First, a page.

Import of several other types of data is not automatic and it requires human intervention.
Importing data from image formats such as PNG, TIFF, JPEG or BMP is similar to import from raw/unknown file formats, only simpler.
It is simpler because the file structure is known and the file format is automatically detected. Hence the file type does need to be selected explicitly. However, the data interpretation is still unknown and must be specified manually. The Pixmap import dialog therefore resembles the Information tab of raw data import, requiring you to set the physical dimensions and value scale.
Note the physical dimensions suggested there are not obtained from the file, they are simply the last values used. Some SPM data format are based on an image format (typically, TIFF is used as the base) and contain the information about physical scales and units, albeit stored in a manufacturer-specific way. In this case a separate import module can be written for this particular format to load the files automatically with correctly scaled values.
See the reference section High-Depth Image Formats for the details of support for high-depth images and the possibility of using them for data representations.
Simple two-column text files containing curve data can be imported as graph curves. In some cases, these files are recognized automatically. They can also be explicitly selected as ASCII graph curve files in the file open dialog, causing the import module to try harder to load the file as a graph data.
The import dialog shows a preview of the graph and permits to set the units and labels.
Three-column text files containing XYZ data are imported by selecting the XYZ data files file type. Again, they can be recognized automatically but requesting this format explicitly makes the module to try harder to load the file as XYZ data.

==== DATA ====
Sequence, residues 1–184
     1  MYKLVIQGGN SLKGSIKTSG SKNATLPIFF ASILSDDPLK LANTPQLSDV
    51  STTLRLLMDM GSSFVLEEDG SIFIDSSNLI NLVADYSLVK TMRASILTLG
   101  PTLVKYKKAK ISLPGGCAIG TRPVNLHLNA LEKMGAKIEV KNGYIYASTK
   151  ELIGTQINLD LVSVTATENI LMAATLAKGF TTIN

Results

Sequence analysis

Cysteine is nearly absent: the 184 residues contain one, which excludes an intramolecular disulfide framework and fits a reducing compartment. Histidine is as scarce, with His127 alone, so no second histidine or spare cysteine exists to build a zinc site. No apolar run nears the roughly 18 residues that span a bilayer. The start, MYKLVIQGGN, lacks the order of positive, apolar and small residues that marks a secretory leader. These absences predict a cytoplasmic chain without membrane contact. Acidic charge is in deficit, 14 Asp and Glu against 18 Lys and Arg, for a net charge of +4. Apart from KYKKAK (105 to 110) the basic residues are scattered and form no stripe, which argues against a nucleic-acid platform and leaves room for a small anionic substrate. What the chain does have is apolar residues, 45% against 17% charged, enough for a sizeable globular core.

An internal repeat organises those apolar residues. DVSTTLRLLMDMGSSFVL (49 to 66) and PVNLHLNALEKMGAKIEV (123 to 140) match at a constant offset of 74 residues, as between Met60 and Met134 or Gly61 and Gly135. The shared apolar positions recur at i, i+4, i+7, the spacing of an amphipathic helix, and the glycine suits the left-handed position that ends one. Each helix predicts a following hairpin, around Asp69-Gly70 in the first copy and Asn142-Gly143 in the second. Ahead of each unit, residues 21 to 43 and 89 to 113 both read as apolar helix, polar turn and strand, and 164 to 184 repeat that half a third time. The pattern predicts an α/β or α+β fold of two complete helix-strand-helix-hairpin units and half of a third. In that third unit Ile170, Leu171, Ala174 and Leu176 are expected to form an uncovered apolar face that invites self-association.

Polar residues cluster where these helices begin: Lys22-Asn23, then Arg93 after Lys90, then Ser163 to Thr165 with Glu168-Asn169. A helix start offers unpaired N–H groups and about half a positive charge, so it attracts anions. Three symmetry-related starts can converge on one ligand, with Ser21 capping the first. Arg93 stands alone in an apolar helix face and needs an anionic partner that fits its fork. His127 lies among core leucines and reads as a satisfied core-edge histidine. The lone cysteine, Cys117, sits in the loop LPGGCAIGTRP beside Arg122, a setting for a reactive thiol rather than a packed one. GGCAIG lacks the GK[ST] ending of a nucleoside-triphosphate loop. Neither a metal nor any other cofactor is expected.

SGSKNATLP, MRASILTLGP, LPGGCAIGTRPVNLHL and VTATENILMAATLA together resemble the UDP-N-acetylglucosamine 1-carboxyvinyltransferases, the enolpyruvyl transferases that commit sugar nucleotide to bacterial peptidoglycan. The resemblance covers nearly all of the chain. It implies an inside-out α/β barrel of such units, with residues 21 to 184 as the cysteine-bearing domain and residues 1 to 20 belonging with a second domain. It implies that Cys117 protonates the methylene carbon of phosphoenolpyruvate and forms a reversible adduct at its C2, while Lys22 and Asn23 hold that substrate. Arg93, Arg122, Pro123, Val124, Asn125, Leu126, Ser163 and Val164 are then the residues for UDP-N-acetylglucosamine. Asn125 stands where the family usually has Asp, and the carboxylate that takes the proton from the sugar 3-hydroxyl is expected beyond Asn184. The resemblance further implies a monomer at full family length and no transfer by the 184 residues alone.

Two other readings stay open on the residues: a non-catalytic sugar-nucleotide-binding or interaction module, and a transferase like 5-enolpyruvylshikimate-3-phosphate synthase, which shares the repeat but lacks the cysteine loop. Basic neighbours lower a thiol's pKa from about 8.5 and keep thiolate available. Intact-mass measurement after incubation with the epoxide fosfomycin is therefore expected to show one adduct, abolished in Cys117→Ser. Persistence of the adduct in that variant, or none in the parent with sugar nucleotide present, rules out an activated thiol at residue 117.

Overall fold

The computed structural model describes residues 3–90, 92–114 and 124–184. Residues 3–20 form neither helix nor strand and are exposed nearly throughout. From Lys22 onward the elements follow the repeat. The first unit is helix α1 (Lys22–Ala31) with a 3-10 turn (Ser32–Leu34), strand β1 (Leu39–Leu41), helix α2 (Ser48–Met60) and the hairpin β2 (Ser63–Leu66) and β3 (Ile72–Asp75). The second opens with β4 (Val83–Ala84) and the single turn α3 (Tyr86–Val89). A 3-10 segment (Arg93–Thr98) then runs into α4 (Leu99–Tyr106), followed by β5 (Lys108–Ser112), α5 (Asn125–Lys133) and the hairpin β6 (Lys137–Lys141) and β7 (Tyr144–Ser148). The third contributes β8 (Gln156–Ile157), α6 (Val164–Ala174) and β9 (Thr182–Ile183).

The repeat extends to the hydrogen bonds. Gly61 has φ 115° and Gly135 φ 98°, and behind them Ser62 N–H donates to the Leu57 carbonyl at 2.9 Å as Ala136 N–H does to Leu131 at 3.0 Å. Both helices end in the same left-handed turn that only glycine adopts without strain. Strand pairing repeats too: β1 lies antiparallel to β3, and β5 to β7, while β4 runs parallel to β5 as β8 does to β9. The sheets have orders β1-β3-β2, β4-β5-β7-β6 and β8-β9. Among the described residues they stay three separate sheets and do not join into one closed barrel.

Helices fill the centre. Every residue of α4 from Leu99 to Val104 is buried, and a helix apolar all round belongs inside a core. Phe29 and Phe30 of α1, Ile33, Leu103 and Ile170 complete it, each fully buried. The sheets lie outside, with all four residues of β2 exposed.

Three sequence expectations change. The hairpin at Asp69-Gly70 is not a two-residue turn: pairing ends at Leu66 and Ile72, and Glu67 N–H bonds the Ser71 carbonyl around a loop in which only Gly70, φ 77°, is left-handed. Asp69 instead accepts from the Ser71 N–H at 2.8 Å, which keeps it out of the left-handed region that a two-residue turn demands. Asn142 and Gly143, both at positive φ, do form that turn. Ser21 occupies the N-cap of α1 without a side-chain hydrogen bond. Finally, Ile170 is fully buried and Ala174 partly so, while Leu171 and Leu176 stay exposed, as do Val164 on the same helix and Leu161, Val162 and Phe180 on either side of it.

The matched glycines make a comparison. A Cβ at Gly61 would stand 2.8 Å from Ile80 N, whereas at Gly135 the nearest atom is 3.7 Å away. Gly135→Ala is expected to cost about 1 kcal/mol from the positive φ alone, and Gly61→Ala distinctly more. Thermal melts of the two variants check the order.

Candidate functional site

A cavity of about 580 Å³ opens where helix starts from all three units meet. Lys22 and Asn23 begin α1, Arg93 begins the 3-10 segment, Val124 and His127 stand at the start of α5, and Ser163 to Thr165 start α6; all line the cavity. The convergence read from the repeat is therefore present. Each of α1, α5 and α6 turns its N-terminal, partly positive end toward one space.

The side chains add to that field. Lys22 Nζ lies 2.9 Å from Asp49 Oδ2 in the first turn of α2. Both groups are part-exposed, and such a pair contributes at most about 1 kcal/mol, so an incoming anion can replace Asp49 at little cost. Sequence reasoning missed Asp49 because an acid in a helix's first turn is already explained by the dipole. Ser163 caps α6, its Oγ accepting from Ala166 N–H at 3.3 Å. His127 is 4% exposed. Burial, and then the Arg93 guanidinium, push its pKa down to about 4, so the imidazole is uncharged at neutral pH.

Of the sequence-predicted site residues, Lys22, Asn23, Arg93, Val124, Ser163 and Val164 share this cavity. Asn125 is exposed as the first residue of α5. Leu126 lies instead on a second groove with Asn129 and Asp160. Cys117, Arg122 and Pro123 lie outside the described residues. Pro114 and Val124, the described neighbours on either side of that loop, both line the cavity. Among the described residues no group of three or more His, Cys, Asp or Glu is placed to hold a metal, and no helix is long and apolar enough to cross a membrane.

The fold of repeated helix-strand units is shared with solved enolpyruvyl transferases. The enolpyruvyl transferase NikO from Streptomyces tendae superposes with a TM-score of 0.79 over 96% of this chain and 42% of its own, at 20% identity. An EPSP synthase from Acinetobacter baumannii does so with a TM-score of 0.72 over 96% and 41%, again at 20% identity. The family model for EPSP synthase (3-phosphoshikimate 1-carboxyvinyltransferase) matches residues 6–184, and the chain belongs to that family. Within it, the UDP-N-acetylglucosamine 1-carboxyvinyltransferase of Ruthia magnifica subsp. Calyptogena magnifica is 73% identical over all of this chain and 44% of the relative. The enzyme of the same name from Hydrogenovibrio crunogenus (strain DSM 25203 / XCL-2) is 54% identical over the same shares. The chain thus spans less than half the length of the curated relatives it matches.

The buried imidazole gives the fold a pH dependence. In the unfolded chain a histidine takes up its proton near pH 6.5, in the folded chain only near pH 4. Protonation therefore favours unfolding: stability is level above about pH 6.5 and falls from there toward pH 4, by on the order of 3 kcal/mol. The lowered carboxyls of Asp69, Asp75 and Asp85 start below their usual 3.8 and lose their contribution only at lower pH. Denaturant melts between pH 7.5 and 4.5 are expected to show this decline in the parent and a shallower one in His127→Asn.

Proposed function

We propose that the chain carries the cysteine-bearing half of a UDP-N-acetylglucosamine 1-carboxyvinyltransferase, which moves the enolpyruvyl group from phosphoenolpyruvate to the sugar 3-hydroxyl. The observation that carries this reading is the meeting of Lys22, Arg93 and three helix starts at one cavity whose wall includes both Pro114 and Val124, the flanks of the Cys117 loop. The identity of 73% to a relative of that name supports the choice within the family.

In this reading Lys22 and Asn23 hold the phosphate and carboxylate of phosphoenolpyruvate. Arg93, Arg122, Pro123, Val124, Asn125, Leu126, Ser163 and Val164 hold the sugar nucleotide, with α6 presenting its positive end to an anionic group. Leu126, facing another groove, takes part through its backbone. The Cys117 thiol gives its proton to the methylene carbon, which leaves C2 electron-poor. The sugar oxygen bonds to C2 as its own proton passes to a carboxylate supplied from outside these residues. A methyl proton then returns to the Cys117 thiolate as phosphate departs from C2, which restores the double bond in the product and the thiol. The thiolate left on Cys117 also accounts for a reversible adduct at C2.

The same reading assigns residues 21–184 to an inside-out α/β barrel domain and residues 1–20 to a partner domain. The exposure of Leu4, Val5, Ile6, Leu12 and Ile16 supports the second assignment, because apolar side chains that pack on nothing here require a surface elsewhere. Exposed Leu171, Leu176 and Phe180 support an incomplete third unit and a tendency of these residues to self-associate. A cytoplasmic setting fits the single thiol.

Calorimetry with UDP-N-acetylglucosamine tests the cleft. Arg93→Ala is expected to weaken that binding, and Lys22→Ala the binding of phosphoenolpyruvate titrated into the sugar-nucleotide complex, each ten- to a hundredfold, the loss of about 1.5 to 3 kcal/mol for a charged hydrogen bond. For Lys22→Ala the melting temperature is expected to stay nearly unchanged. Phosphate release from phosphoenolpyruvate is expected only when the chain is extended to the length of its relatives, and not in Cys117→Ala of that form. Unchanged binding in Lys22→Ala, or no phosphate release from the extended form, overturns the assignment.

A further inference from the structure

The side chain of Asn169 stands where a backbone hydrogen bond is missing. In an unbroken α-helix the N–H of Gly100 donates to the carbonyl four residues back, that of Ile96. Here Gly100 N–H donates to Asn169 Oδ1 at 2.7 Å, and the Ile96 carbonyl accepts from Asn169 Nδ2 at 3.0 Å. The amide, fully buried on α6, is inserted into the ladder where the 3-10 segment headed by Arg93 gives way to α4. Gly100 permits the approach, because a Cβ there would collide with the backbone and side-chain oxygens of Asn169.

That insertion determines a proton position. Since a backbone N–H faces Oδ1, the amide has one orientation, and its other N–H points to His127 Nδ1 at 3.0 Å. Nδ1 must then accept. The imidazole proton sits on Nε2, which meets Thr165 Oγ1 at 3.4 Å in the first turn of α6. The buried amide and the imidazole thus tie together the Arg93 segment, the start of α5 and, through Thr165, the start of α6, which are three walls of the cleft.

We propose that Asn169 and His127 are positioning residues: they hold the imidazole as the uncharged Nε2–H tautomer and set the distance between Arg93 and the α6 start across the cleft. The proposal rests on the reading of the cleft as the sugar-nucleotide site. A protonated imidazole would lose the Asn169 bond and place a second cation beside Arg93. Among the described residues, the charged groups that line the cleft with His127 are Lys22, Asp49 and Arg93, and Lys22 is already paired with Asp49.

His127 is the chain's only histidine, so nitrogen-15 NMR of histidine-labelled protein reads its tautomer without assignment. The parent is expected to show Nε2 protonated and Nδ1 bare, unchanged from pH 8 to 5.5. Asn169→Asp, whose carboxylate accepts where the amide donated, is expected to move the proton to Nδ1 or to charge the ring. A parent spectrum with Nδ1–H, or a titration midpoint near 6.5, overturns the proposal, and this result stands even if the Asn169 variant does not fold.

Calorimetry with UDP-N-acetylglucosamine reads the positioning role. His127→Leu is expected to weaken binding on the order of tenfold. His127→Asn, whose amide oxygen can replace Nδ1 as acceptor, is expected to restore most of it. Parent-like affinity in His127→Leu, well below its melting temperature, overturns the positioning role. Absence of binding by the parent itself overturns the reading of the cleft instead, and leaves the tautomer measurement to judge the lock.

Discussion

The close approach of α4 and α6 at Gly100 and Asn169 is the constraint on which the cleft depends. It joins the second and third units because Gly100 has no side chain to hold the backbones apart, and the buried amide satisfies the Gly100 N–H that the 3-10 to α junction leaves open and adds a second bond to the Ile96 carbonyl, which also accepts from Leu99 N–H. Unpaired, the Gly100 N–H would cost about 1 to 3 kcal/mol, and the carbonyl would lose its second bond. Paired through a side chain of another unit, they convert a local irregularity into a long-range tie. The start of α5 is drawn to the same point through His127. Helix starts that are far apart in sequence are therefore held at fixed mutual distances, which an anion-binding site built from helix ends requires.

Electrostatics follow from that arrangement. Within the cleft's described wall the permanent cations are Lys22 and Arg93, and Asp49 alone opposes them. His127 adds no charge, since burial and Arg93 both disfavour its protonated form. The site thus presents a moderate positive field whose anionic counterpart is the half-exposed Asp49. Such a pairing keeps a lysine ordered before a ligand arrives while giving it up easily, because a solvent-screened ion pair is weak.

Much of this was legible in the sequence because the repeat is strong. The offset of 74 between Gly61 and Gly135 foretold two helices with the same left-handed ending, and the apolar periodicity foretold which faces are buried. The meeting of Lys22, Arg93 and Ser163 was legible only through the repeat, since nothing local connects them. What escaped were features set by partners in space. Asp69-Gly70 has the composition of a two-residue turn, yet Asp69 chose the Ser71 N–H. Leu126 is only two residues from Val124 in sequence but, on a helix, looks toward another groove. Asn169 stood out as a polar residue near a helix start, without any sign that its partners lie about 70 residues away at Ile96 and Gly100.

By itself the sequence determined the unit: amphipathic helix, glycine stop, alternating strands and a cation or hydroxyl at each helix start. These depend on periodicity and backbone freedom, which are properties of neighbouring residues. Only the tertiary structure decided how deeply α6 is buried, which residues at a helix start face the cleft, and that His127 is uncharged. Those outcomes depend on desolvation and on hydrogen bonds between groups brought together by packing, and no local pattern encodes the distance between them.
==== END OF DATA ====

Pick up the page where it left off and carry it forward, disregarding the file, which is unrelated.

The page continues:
Since Gwyddion only works with data in a regular grid, irregular XYZ data must be interpolated to a regular grid upon import. In fact, the XYZ data import module serves two different purposes:
The import dialog permits to set the basic parameters as the regularized data resolution and range and lateral and value units. However, the most important option is Interpolation type:
This interpolation is analogous to the Round interpolation for regular grids. The interpolated value in a point in the plane equals to the value of the nearest point in the XYZ point set. This means the Voronoi triangulation is performed and each Voronoi cell is “filled” with the value of the nearest point.
This interpolation is analogous to the Linear interpolation for regular grids. The interpolated value in a point is calculated from the three vertices of the Delaunay triangulation triangle containing the point. As the tree vertices uniquely determine a plane in the space, the value in the point is defined by this plane.
The value in a point is the weighted average of all the XYZ point set where the weight is proportional to the inverse fourth power of the mutual distance. Since all XYZ data points are considered for the calculation of each interpolated point this method can be very slow.
Ad hoc method obtaining pixel values using a combination of simple averaging and propagation. In dense locations where many XYZ points fall into a single pixel the value assigned to such pixel is a sort of weighted mean value of the points. In sparse locations where relatively large regions contain no XYZ data points the pixel value is propagated from close pixels that contain some XYZ data points. The main feature of this interpolation type is that it is always fast while often producing quite an acceptable result.
The former two interpolation types are based on Delaunay/Voronoi triangulation which is not well-defined for point sets where more than two points lie on a line or more than three lie on a circle. If this happens the triangulation fails and the import module displays an error message.
The values outside the convex hull of the XYZ point set in the plane are influenced by Exterior type:
The point set is not amended in any way and the values on the convex hull simply extend to the infinity.
The point set is amended by points “reflected” about the bounding box sides.
The point set is amended by periodically repeated points from around the opposite side of bounding box.